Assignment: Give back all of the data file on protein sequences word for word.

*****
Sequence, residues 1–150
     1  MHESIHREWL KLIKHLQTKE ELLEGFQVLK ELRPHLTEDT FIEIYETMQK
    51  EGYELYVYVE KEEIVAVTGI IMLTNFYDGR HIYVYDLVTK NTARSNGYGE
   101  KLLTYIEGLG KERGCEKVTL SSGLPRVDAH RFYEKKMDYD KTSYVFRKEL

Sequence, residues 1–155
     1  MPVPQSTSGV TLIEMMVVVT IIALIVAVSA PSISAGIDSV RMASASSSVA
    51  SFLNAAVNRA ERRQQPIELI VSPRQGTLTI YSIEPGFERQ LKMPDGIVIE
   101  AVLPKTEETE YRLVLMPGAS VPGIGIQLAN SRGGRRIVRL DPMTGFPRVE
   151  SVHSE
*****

Sequence, residues 1–150
     1  MHESIHREWL KLIKHLQTKE ELLEGFQVLK ELRPHLTEDT FIEIYETMQK
    51  EGYELYVYVE KEEIVAVTGI IMLTNFYDGR HIYVYDLVTK NTARSNGYGE
   101  KLLTYIEGLG KERGCEKVTL SSGLPRVDAH RFYEKKMDYD KTSYVFRKEL

Sequence, residues 1–155
     1  MPVPQSTSGV TLIEMMVVVT IIALIVAVSA PSISAGIDSV RMASASSSVA
    51  SFLNAAVNRA ERRQQPIELI VSPRQGTLTI YSIEPGFERQ LKMPDGIVIE
   101  AVLPKTEETE YRLVLMPGAS VPGIGIQLAN SRGGRRIVRL DPMTGFPRVE
   151  SVHSE